The effects of progesterone and oestrogen on the tissues which nature intended them to ‘stimulate’, by definition, has an effect. Toxicity in the breast tissue causes mutations; couple this with stimulation of such tissue, and it is not difficult to see why hormones might play such an important role in carcinogenesis.

Valerie Beral, the Principal Investigator for the Million Women Study has shown that the use of Hormone Replacement Therapy (HRT) by women aged 50-64 years in the UK over the past decade has resulted in an estimated 20,000 extra breast cancers.   

It is impossible to provide the correct dosage of replacement hormones.  The body’s natural hormone secretion varies every minute of the day and night.  It depends on hundreds of factors such as lifestyle, diet, mental attitude, stressors, illnesses, (heavy metal) toxicity, the presence of xenoestogens in the environment, and many others. The substitution of a rigid routine for the delicate balancing act the body performs all day with its hormone secretion, is inviting problems. 

What about bio-identical hormones - are they toxic?  Let’s consider insulin.  Every physician is familiar with the care that must be used in administering insulin, even though modern insulin is technically a bio-identical hormone. Too much, or too little, can cause a fatal reaction. Oestrogens, cortisol, cortisone, progesterone, DHEA, pregnenelone and the others are all powerful substances and all have toxic effects when not produced inside the body - in just the right quantity, at just the right time.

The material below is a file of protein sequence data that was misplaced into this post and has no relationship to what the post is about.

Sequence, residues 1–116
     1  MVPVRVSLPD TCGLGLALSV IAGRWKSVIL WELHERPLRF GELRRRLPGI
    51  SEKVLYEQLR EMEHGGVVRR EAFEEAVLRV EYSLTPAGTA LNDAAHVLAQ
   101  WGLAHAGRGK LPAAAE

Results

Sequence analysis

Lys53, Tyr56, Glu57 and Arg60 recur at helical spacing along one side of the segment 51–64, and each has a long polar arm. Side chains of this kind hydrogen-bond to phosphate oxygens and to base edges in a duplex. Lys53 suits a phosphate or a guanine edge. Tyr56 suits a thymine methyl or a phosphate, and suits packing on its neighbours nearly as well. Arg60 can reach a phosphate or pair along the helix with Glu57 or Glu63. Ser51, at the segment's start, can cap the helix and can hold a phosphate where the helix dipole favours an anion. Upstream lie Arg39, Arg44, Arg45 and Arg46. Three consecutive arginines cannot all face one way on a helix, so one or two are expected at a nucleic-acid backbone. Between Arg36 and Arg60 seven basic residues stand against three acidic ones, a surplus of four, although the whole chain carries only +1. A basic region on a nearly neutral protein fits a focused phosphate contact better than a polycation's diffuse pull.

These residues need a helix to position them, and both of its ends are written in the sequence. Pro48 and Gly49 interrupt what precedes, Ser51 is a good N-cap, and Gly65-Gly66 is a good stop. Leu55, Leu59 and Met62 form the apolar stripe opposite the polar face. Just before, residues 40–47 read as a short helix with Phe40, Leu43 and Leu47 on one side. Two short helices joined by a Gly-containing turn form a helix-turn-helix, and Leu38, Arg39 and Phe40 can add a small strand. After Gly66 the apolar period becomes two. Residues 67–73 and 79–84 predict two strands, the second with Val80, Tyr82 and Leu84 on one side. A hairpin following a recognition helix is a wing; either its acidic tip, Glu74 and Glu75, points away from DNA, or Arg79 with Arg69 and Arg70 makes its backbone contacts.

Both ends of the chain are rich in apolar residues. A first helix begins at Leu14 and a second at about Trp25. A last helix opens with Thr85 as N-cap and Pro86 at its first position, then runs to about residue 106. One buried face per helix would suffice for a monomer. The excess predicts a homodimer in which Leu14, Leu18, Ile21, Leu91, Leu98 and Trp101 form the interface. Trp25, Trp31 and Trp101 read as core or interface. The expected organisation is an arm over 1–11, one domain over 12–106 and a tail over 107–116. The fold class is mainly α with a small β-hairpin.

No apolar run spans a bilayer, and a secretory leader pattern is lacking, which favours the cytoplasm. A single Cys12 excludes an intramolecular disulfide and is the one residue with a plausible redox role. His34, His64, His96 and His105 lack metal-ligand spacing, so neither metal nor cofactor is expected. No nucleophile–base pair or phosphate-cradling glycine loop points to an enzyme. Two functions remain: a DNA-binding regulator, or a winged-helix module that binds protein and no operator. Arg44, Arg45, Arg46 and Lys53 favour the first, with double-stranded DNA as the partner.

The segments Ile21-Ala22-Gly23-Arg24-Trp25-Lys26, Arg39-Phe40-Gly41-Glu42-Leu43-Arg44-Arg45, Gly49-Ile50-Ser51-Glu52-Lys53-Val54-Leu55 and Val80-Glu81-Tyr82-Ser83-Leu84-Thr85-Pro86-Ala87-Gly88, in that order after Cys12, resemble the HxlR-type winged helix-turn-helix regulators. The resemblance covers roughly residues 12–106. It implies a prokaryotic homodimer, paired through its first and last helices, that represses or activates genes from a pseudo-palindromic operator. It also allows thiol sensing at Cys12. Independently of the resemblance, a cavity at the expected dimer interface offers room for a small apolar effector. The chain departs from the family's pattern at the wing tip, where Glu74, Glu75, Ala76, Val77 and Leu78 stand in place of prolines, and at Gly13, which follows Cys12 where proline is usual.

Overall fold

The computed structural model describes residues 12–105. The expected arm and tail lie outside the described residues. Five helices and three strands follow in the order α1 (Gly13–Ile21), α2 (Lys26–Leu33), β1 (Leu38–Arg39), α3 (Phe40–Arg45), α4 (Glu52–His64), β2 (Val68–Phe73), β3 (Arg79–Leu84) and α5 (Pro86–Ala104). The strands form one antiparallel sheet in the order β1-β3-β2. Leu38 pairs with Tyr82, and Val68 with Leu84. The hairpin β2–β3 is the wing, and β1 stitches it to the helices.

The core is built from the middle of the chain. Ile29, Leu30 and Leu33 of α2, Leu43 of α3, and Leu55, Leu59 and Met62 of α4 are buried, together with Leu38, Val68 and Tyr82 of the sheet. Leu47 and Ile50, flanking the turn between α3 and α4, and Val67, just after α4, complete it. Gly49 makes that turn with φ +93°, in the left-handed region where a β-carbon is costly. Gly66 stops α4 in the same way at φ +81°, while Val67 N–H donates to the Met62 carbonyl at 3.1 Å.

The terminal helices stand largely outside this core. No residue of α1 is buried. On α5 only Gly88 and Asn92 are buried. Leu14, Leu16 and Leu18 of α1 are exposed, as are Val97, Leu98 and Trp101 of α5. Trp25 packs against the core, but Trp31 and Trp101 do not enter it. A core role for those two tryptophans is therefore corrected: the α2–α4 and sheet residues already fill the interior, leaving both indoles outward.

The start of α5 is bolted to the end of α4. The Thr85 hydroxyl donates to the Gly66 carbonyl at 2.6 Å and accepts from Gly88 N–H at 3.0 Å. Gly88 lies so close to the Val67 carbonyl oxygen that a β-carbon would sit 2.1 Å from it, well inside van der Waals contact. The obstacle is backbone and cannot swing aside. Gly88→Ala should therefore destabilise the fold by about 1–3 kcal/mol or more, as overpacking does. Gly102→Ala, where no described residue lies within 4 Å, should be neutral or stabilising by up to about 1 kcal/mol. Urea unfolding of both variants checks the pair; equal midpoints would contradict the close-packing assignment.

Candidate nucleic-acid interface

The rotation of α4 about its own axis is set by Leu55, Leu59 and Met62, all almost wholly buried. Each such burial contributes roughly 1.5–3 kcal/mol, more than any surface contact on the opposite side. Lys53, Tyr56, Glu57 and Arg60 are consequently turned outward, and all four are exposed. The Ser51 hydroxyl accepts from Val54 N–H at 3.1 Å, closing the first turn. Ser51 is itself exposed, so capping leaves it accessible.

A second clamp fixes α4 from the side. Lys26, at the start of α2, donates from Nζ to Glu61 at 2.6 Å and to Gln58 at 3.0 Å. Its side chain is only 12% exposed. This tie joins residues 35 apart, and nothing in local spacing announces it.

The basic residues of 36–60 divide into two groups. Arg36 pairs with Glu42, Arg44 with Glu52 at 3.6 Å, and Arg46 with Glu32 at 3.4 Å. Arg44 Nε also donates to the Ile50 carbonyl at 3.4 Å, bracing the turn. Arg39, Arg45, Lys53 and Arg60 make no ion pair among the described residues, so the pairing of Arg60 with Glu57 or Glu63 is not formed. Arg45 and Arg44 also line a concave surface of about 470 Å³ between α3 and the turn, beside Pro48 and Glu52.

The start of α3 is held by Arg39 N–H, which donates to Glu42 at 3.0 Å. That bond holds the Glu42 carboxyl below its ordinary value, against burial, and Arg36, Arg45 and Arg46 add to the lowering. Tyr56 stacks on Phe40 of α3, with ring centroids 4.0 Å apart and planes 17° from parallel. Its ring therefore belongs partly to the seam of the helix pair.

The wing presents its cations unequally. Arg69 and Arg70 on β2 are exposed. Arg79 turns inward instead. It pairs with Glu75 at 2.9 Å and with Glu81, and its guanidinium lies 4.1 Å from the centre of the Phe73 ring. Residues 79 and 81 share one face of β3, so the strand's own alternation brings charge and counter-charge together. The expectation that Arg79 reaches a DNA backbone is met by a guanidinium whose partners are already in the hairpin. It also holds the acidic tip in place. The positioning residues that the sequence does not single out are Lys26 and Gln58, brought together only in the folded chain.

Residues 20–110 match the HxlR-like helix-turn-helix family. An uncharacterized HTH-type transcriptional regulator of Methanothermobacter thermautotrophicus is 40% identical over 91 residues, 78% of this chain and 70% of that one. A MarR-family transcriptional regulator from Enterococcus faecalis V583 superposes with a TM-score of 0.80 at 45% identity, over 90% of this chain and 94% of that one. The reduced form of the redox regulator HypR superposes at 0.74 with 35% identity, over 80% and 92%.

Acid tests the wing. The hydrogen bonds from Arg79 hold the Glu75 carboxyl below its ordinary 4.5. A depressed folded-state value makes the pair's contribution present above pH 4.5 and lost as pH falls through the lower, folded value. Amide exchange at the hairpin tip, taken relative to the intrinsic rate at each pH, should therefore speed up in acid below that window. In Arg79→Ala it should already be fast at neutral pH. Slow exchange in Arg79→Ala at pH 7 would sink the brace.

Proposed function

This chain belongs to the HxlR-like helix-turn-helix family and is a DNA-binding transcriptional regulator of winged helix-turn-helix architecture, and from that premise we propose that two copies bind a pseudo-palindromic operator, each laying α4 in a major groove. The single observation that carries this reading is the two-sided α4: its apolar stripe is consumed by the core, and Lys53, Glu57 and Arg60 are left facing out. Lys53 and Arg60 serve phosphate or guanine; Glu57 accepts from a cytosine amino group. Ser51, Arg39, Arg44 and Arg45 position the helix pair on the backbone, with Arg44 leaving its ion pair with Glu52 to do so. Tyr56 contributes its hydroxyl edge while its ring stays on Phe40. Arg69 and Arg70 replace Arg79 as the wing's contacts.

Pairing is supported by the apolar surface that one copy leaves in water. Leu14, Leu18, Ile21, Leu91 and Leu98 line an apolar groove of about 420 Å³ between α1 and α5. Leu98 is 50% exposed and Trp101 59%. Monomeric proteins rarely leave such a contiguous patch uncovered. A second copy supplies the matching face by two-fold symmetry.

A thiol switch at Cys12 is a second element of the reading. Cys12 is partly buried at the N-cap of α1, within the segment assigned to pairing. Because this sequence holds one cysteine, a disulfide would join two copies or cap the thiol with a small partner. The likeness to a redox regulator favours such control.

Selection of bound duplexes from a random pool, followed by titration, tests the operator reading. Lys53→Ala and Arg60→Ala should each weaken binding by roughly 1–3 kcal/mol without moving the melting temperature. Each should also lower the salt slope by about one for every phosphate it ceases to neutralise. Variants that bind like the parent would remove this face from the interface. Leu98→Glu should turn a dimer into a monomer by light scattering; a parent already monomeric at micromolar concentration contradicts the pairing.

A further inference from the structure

Bio-identical hormones are not identical to the hormones produced by the body. It is not possible to duplicate the body’s complex hormone production system. It is a costly therapy.  The costs include: the hormones; repeated testing that is absolutely required to ‘prescribe them properly’, and; longer-term costs because one must usually stay on them for years.  Other hidden costs may be the damage they cause to the body.

There are some conditions, however, which do require hormonal treatment: these include diabetes, Addison’s disease, Grave’s disease and Hashimoto’s disease. In all these conditions, the gland itself is damaged. However, FCT has improved the condition of the endocrine organs in some of these conditions for some patients, to the degree that hormone replacement therapy has been reduced.

Academic references